By WILL WHATLEY, Alabama Daily News
In a 5-4 vote along ideological lines, the United States Supreme Court voted that Ohio’s process to remove inactive voters from the rolls does not run afoul of federal laws aimed at securing voting rights.
The ruling allows Ohio and other states to purge voters from the registration rolls if they have been inactive and unresponsive to efforts to confirm their voter status.
In Alabama, a similar process exists to keep voting rolls current, but some believe it could discourage voters from participating in the electoral process.
Alabama Secretary of State John Merrill said he content with the Supreme Court’s recent ruling.
“I am pleased to see that the Supreme Court upheld the maintenance process used by Ohio to ensure voters rolls are the most accurate for voters on election day,” Merrill said.
According to Merrill, the process in Alabama is slightly different than that of Ohio. It requires voters to miss two federal elections and then not respond to two consecutive mailers which are sent to voters to attempt to ensure the most up-to-date address information is on file with the voter registration system.
“We have made it our mission in the Alabama Secretary of State’s Office to not only ensure every Alabamian is a registered voter with a photo ID but also that the voter information contained within our voter rolls is the most accurate and up-to-date,” Merrill stated. “This process allows us to contact voters to ensure that information is accurate.”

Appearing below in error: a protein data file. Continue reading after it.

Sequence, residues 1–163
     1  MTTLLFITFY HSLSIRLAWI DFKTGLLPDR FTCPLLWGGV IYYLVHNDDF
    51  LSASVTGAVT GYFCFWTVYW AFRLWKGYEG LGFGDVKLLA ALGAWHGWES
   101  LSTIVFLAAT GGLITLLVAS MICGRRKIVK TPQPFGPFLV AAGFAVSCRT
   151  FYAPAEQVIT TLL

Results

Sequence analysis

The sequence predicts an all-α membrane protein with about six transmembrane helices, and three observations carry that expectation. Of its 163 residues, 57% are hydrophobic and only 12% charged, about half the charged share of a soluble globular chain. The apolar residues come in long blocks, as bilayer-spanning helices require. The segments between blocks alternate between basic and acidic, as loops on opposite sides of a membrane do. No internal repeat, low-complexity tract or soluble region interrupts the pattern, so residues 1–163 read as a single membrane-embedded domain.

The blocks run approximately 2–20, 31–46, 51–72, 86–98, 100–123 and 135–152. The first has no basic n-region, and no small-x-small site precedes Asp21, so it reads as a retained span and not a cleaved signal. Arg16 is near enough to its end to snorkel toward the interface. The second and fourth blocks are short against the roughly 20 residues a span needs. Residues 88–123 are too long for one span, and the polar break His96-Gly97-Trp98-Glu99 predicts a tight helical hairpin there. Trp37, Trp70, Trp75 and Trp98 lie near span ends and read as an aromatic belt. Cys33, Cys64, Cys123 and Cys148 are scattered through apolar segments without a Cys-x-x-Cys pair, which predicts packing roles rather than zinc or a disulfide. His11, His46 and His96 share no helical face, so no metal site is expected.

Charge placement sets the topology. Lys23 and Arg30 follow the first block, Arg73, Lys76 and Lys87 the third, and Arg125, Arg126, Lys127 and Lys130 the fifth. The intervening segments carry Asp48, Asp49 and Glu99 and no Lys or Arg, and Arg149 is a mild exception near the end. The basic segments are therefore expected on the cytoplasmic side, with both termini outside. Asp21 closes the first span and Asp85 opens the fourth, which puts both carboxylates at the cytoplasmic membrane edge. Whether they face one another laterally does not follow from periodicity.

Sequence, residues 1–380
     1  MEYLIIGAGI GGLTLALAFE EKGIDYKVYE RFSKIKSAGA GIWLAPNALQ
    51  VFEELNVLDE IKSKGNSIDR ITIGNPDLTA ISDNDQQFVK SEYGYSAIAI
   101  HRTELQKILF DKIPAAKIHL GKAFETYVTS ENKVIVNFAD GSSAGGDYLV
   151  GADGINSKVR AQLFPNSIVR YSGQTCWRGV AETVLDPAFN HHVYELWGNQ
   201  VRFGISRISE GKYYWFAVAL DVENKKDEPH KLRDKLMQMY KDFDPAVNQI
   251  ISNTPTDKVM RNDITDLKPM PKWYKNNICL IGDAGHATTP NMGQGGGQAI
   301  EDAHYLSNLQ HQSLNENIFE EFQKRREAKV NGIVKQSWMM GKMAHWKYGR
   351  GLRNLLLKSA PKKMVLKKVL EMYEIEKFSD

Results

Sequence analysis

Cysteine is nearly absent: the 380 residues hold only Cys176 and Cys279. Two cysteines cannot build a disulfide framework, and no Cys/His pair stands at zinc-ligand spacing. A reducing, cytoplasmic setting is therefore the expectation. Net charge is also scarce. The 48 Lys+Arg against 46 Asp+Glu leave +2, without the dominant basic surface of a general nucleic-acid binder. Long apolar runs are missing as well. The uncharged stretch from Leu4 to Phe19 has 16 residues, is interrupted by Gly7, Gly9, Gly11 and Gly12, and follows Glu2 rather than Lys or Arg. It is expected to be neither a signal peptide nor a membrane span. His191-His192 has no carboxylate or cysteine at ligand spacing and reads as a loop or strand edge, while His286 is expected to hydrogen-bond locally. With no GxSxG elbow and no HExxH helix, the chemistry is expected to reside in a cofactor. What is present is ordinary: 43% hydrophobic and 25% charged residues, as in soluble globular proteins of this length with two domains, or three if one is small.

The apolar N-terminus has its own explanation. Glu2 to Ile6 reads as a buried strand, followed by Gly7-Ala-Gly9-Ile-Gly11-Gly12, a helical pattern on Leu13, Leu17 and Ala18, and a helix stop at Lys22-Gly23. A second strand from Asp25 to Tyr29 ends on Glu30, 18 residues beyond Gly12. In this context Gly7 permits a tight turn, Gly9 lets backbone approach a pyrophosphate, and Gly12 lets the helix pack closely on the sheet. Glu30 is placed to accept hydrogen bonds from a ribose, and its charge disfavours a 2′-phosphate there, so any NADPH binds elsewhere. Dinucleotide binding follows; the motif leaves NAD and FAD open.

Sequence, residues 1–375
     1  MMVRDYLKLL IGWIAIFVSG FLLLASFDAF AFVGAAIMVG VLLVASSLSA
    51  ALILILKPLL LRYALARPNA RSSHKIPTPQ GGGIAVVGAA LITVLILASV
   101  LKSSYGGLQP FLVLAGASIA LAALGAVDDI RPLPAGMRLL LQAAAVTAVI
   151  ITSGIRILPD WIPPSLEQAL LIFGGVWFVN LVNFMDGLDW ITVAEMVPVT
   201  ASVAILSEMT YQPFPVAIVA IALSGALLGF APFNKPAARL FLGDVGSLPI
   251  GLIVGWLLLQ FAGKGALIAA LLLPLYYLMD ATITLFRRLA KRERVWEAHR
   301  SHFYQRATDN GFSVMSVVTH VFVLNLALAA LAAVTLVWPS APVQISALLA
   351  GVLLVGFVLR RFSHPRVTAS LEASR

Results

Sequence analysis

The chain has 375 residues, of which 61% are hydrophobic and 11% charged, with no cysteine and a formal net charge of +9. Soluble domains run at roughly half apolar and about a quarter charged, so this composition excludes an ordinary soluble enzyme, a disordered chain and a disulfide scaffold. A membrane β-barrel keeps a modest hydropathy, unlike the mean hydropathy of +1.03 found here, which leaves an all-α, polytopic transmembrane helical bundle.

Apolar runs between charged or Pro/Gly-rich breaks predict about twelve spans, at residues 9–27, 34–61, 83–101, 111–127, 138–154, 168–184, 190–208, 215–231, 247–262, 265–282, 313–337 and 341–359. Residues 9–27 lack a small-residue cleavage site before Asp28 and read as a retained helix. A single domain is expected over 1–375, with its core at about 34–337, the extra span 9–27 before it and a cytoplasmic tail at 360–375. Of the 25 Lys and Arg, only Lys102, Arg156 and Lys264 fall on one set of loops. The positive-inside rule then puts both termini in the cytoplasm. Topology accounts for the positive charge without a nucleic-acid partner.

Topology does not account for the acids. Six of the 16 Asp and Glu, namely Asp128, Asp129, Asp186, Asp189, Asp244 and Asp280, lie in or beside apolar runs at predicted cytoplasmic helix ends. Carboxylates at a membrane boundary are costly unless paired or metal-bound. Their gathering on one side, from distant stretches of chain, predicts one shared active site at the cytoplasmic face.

However, not everyone sees the ruling as positive.
Paul Smith, vice president of the federal elections watchdog group Campaign Legal Center, said the ruling creates more obstacles for voters.
“The Supreme Court decision to allow Ohio to purge its citizens from the rolls is a setback for voting rights nationwide,” Smith said.
“Our democracy weakens when states are permitted to take actions that discourage voter participation. By constructing obstacles that make voting more difficult, Ohio is sending the wrong message to its citizens.”
Smith argued the case on behalf of the CLC before the Supreme Court on Jan. 11.